Surfing past centuries through digitized local newspapers

Historical Society spearheaded effort to digitize archives of The Courier-Gazette
By Daniel Dunkle | Mar 20, 2019
Photo by: Daniel Dunkle Talking about the digitization of The Courier-Gazette archives March 20 at the Rockland Historical Society are, from left, Adam Fisher of the Maine State Library, Rockland Historical Society Curator Ann Morris and society President Brian Harden.

Rockland — When Ann Morris of the Rockland Historical Society heard about efforts to digitize newspapers from around the country, she made it her mission to include The Courier-Gazette.

It has taken a lot of time, effort and help from community donors and organizations, but now anyone with internet access can read copies of The Courier-Gazette spanning from its beginning in 1846 to 1920. Soon newspapers from the 1920s and '30s will be added.

Morris started working on this more than a year ago, after hearing about the effort in other places at a meeting. She brought the idea to the Rockland Historical Society, and the society reached out to local publishers, including Courier owner Reade Brower.

In order to create digital versions of the old newspapers, they needed the microfilm master copies from a company called New England Micrographics in Boston. In some cases, the original newspapers are available, but newsprint has not held up very well over the years and the information was better preserved on microfilm. Interestingly, some of the paper from before the Civil War has held up better, because it incorporated cloth.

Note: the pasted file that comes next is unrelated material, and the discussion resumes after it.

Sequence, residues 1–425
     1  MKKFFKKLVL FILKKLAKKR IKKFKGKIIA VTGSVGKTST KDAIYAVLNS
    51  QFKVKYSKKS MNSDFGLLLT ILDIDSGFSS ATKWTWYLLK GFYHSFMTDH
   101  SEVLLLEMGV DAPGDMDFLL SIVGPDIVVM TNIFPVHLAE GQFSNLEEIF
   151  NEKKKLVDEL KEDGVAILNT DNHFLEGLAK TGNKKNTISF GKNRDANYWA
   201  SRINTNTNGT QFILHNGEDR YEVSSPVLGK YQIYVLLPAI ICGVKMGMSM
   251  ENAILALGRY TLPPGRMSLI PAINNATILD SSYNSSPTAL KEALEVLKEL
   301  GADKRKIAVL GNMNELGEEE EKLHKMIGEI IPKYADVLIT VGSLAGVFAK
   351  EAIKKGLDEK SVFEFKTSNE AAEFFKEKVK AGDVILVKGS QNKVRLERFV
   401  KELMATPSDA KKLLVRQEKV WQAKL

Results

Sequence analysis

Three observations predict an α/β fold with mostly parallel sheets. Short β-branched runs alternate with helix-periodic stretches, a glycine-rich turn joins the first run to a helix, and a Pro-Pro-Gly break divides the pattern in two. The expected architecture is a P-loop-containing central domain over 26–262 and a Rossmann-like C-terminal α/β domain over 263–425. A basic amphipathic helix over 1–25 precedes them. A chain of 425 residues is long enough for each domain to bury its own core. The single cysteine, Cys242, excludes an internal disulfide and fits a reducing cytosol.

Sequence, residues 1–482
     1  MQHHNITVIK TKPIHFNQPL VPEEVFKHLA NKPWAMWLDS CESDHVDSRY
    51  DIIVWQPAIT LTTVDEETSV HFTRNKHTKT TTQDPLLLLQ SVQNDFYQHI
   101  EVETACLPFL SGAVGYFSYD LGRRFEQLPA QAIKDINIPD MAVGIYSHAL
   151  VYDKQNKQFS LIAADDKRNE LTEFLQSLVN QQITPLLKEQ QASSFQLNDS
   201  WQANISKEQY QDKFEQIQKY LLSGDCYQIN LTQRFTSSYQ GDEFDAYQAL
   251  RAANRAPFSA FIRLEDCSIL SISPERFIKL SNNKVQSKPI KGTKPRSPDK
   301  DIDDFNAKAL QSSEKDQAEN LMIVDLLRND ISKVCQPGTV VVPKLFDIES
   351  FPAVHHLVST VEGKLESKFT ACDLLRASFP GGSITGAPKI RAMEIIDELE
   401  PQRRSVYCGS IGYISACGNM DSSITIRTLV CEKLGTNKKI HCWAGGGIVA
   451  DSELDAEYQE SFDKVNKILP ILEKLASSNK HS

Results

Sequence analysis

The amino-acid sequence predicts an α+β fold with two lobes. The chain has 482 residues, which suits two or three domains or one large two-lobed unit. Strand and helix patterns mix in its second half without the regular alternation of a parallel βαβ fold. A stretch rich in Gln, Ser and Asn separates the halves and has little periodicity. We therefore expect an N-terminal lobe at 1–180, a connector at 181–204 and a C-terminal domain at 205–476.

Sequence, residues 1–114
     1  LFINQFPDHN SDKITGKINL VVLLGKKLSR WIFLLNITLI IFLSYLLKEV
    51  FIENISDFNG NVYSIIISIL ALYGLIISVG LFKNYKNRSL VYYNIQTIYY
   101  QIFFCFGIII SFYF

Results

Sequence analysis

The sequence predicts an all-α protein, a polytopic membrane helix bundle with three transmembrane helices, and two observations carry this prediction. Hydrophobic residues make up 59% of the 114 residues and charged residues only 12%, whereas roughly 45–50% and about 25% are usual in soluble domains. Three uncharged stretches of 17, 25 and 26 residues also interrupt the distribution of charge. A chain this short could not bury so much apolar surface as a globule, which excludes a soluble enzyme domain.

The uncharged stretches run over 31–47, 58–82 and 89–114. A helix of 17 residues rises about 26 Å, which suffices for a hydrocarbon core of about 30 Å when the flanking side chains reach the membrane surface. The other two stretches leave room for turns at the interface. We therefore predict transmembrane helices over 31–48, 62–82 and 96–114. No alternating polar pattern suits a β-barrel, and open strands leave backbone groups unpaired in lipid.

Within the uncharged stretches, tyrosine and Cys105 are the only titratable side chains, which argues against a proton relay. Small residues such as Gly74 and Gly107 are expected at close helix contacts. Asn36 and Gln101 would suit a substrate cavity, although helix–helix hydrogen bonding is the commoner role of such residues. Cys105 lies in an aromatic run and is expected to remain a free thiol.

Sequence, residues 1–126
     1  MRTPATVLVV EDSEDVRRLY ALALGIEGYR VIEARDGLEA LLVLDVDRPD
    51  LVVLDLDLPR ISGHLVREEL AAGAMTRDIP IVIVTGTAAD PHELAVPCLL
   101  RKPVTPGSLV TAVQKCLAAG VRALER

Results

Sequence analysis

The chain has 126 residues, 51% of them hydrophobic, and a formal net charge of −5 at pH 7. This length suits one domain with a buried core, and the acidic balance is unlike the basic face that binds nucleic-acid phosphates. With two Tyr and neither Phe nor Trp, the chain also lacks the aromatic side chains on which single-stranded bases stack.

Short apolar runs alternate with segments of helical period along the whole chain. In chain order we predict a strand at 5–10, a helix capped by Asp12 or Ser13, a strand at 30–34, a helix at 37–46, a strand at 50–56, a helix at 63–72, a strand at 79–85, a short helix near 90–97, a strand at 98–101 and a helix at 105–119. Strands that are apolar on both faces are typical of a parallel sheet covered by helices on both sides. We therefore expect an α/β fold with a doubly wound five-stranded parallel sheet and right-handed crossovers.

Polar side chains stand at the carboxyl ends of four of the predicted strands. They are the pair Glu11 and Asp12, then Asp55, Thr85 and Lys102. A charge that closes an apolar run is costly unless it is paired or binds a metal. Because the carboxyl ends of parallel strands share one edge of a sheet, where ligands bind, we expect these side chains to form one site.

The price tag for the first phase of this project was more than $8,000.

Partners and donors helped with that, including Courier Publications; Maine Boats, Homes and Harbors; Down East Enterprises; The Owls Head Transportation Museum; The Sail Power & Steam Museum; The Farnsworth Art Museum; The Rockland Public Library Endowment Association; and Friends of the Rockland Public Library. In addition, a grant form the Maine Community Foundation in 2018 was enough to digitize the 1920s and 1930s.

The work is not done. The first phase has been released on the Rockland Public Library website, which allows readers to look at the old newspapers, but it is not yet easy to search for specific names or other information.

Adam Fisher, director of collection development and digital initiatives for the Maine State Library, has been working to create a more easily searchable version, some of which is already available online (see website information below for links). He pointed out that this is a meticulous process in which every photo and every imperfection or missing page is noted in the system.

The digitized versions will likely be available on multiple websites in the future, including VillageSoup and the Historical Society website.

Fisher and members of the Historical Society agree that it was Morris' determination, as well as the help of donors, that made this a reality.

Eventually Morris hopes to have a digital archive going through the 1970s. More donations and help from interns are needed. To help or to work as an intern, contact the Historical Society, located on the lower level of the Rockland Public Library, and at P.O. Box 1331, Rockland, ME 04841 or call 594-6193. Or visit the Rockland Historical Society website at rocklandhistorical.com.

The digitized Courier-Gazette is available at the historical society's website and also at digitalmaine.com/rockland/ or rocklandmaine.gov/municipal/departments/library/resources/archived-rockland-newspapers/.

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